The first thing we should know about Vietnam is that the country is a very violent place.
Vietnam’s economy has been destroyed by the war.
The country has been mired in poverty for more than two decades, with the rate of infant mortality among its citizens hovering around one in 10.
Its military has killed more than 40,000 people.
Its government has repeatedly failed to meet its own basic promises to the people of Vietnam.
Its leaders have been accused of gross human rights violations and corruption, and some of its people have been killed by police and security forces.
It’s been a terrible, terrible experience for many Americans.
And, frankly, I’ve done the same thing in Vietnam as I’ve been doing in the U.S. over the last few years, and I’m not happy with my situation.
But it’s not a terrible experience.
I just happen to be living in a country that is extremely violent.
The problem with that is that it’s actually not that different from America.
Vietnam is a country where people get shot and killed by cops for no reason at all.
It has one of the highest murder rates in the world, and the average person there lives an average of about eight years.
And it’s one of only two countries in the developed world where more people have cancer than are alive today.
It also has one the highest rates of violent crime in the industrialized world, which has been exacerbated by a high-level crackdown on political dissent.
Vietnam has been one of those countries that Americans should definitely avoid, but in an ideal world, we would have no need for it, since we could just stay home.
We would just leave Vietnam to its own devices and let the people be.
But the reality is that we’re living in Vietnam today, and that reality has its own set of problems.
Here are the 10 things you should know before you decide to go there.
There Are No Free Speech Laws in Vietnam, and You’re Probably Not Getting Them.
The Vietnam Free Speech Law, which went into effect in January of this year, is meant to ensure that no one can say things that might be construed as offensive or illegal in Vietnam.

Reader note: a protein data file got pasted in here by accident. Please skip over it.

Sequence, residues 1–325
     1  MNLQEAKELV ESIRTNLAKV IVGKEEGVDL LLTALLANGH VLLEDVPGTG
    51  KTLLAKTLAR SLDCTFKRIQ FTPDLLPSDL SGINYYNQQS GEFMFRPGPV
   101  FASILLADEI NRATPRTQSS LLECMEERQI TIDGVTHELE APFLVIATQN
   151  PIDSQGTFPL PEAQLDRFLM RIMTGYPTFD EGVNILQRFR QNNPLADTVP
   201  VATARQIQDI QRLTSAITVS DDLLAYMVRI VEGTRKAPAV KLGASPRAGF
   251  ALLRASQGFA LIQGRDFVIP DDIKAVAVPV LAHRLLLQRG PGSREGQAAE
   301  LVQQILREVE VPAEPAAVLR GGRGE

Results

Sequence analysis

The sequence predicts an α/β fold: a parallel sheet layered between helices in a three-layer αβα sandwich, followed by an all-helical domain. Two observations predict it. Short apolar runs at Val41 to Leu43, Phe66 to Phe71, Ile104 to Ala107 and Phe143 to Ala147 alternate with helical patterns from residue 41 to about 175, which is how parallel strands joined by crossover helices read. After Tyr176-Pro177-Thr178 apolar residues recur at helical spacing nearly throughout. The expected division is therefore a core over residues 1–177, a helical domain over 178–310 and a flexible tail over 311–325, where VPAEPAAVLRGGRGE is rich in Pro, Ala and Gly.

That means that no Vietnamese can say “fuck the United States” or “kill American soldiers,” for example, even if they’re not Vietnamese.
If you’re an American who has traveled to Vietnam, you’re probably wondering how you can legally express yourself there.
According to a 2011 article in the Associated Press, “no one has been charged with a crime under the law, though there are no clear guidelines as to what is offensive or criminal.
It can also be a matter of opinion, with some Vietnamese citizens expressing support for the U.”
The AP article goes on to say that “vast swathes of the country remain silent, even as a police officer recently was killed by a man who called himself a ‘vanguard of the anti-American movement.'”
The AP goes on: A man has been killed in an apparent police shooting, and police officers and soldiers have been detained on suspicion of participating in an alleged plot to kill an officer in an election in Vietnam’s second city of Saigon.
The Vietnamese government has been criticized for its treatment of demonstrators, and in April, police in Ho Chi Minh City reportedly used pepper spray and stun grenades against demonstrators who had blocked a road to protest the killing of the policeman in Saigon by an unknown gunman.
The U.N. human rights office in Geneva, which monitors human rights in Vietnam and other countries, said that it has received reports of serious abuses of the law.
Some Vietnamese have been arrested and charged with inciting the public to violence, though police have not reported any of these cases.
In May, the government imposed a new law that, among other things, bans “any communication which is likely to incite the public in Vietnam to commit an act of violence, even in a political manner,” as well as “any activity that encourages the public for an unlawful purpose.”
The law applies to social media, including Twitter and Facebook, and other online platforms, though it is unclear whether those sites will be subject to the law as well.
The law also gives police the power to arrest citizens for simply “liking” or retweeting information on social media that is deemed “disparaging, hateful, abusive, threatening or inflammatory.”
And it applies to “communicating by text, by email, by telephone, or by video” — even if the communication is not written or sent directly by a person in Vietnam but instead appears on a “foreign network” (a term often used in the media to refer to an email address or cellphone number).
It is unclear how the law will be enforced, but there are some signs that it could be applied to some of the most popular social media platforms, including Facebook and Twitter.
The new law also includes a vague provision that could mean that “a person who is charged with committing a crime by posting information or